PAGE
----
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Frederick H. Dyer, Compendium of the War of the Rebellion: Regimental Histories 564 564 Browse Search
William Schouler, A history of Massachusetts in the Civil War: Volume 2 38 38 Browse Search
Waitt, Ernest Linden, History of the Nineteenth regiment, Massachusetts volunteer infantry , 1861-1865 33 33 Browse Search
The Atlanta (Georgia) Campaign: May 1 - September 8, 1864., Part I: General Report. (ed. Maj. George B. Davis, Mr. Leslie J. Perry, Mr. Joseph W. Kirkley) 27 27 Browse Search
Thomas Wentworth Higginson, Massachusetts in the Army and Navy during the war of 1861-1865, vol. 1, Condensed history of regiments. 26 26 Browse Search
Emilio, Luis F., History of the Fifty-Fourth Regiment of Massachusetts Volunteer Infantry , 1863-1865 20 20 Browse Search
Robert Underwood Johnson, Clarence Clough Buell, Battles and Leaders of the Civil War. Volume 4. 17 17 Browse Search
Harper's Encyclopedia of United States History (ed. Benson Lossing) 11 11 Browse Search
Rebellion Record: a Diary of American Events: Poetry and Incidents., Volume 1. (ed. Frank Moore) 11 11 Browse Search
William F. Fox, Lt. Col. U. S. V., Regimental Losses in the American Civil War, 1861-1865: A Treatise on the extent and nature of the mortuary losses in the Union regiments, with full and exhaustive statistics compiled from the official records on file in the state military bureaus and at Washington 10 10 Browse Search
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Eliza Frances Andrews, The war-time journal of a Georgia girl, 1864-1865, V. In the dust and ashes of defeat (may 6-June 1, 1865). (search)
fought with honor under it. For this I am sorry, but the truth is the truth, and if the flag of our country has sometimes been dishonored in the hands of unworthy men, there is all the more reason why the sons of those who fought honorably and conscientiously on both sides should unite in closer fellowship to wipe out the stains put on it by fratricidal hate, and see that the light of its stars shall never again be dimmed by any act that the heart of a true American cannot be proud of. May 6, Saturday The mournful silence of yesterday has been succeeded by noise and confusion passing anything we have yet experienced. Reenforcements have joined Wilcox, and large numbers of Stoneman's and Wilson's cavalry are passing through on their way to Augusta. Confederate soldiers, too, are beginning to come by this route again, so Washington is now a thoroughfare for both armies. Our troops do not come in such numbers as formerly, still there have been a great many on the streets to-d
escue, and she was not disappointed. The responses of the Southern Governors were in a like spirit with Letcher's. Jackson, of Missouri, replied, Your requisition is illegal, unconstitutional, diabolical, and cannot be complied with. Harris, of Tennessee, said, Tennessee will not furnish a single man for coercion, but 50,000, if necessary, for the defense of our rights or those of our Southern brethren. All acted with vigor, except in Kentucky and Maryland. Arkansas and Tennessee seceded May 6th, and North Carolina May 20th. The popular vote, to which the several ordinances were submitted, ratified them by overwhelming majorities. In Tennessee, which had a little before refused by a large popular majority even to call a convention, the ordinance of secession was now passed by a vote of 104,913 for, to 47,238 against it. In Virginia, the vote was 125,950 for, and 20,273 against secession. There was a similar revulsion of feeling in the other States; and the change was due, not as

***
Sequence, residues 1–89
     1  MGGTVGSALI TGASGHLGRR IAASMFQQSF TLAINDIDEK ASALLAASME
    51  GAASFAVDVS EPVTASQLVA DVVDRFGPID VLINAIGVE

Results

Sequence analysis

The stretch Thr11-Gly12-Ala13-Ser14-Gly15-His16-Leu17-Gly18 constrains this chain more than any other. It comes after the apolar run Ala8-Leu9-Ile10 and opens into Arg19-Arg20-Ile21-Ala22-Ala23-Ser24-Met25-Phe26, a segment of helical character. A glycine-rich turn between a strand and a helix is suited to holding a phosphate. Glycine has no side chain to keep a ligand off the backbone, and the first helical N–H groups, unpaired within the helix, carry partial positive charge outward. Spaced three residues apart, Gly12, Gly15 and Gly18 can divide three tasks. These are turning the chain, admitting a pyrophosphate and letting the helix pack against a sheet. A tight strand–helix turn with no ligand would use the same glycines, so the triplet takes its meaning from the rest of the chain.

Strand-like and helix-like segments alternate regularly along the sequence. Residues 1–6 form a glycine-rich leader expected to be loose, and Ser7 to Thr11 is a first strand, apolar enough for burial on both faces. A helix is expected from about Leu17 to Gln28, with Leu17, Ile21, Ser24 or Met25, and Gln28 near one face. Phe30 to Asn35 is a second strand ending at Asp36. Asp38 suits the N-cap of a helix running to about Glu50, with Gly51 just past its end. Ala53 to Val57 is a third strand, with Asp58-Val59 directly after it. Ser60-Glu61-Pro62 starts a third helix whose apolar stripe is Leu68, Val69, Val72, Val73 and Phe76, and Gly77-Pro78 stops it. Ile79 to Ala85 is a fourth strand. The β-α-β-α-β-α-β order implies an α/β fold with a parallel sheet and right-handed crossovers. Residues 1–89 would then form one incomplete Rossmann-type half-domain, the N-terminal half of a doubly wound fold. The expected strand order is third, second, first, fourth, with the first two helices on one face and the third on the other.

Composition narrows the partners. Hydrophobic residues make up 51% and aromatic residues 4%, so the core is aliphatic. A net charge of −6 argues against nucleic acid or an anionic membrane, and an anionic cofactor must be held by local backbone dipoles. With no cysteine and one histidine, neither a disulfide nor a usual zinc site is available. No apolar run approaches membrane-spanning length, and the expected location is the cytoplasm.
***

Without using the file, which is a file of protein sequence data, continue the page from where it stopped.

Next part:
ed that a successor might be sent to relieve him I His letter did not show that he had any idea that he was suspected, or that any one was sent to relieve him-says that he has heard that Johnston has been talking, very openly, secession doctrines in San Francisco. The thing is all up. His resignation is accepted, and the feeling is so strong against those who have abandoned the country, that it would be utterly useless to say a word. General Johnston's resignation was accepted on the 6th of May, to take effect on the 3d instant. From his sister-in-law, Mrs. Eliza Gilpin, already mentioned as the widow of his brother, Josiah Stoddard Johnston, he received a letter, dated at Philadelphia, April 15th, breathing the excited feeling of devotion to the Union just then newly aroused by the fall of Fort Sumter. The following extract, however, contains all that is essential to this memoir: My very dear brother: The newspaper account of your having been superseded in your command
24th of April, in a proclamation convening the General Assembly, the Governor said: The tread of armies is the response which is being made to the measures of pacification which are being discussed before our people; while up to this moment we are comparatively in a defenseless attitude. Whatever else should be done, it is, in my judgment, the duty of Kentucky, without delay, to place herself in a complete position for defense. On May 16th the General Assembly, which had convened May 6th, Resolved, That this State and the citizens thereof should take no part in the civil war now waged, except as mediators and friends to the belligerent parties, and that Kentucky should, during the contest, occupy the position of strict neutrality. Resolved, further, That the act of the Governor in refusing to furnish troops or military force, upon the call of the Executive authority of the United States, under existing circumstances, is approved. The Unionists, however, secured the pas
undisturbed as if the enemy were a thousand miles distant. As we never had any spare transportation in the most prosperous times, (and of course very little in presence of an enemy who could well supply us,) many of our wounded were left behind in Williamsburgh, and scores of dead left unburied. This, of course, was a military necessity. Longstreet was far in the rear with his corps, and had to hurry on to the main army. No enemy pursued, however, and it was not until Tuesday evening, (May sixth,) sixteen hours after we had left, that the enemy entered Williamsburgh in force. This affair was heralded by McClellan as a complete victory; and the newspapers quoted McClellan's despatch, in large capitals: The enemy are running! I will drive them to the wall! Large editions, expressly for European circulation, spoke of the rebellion as nigh broken up, and described our troops as ragged, hungry, footsore, and dispirited-all they want now is one more twist of the Anaconda's coil, e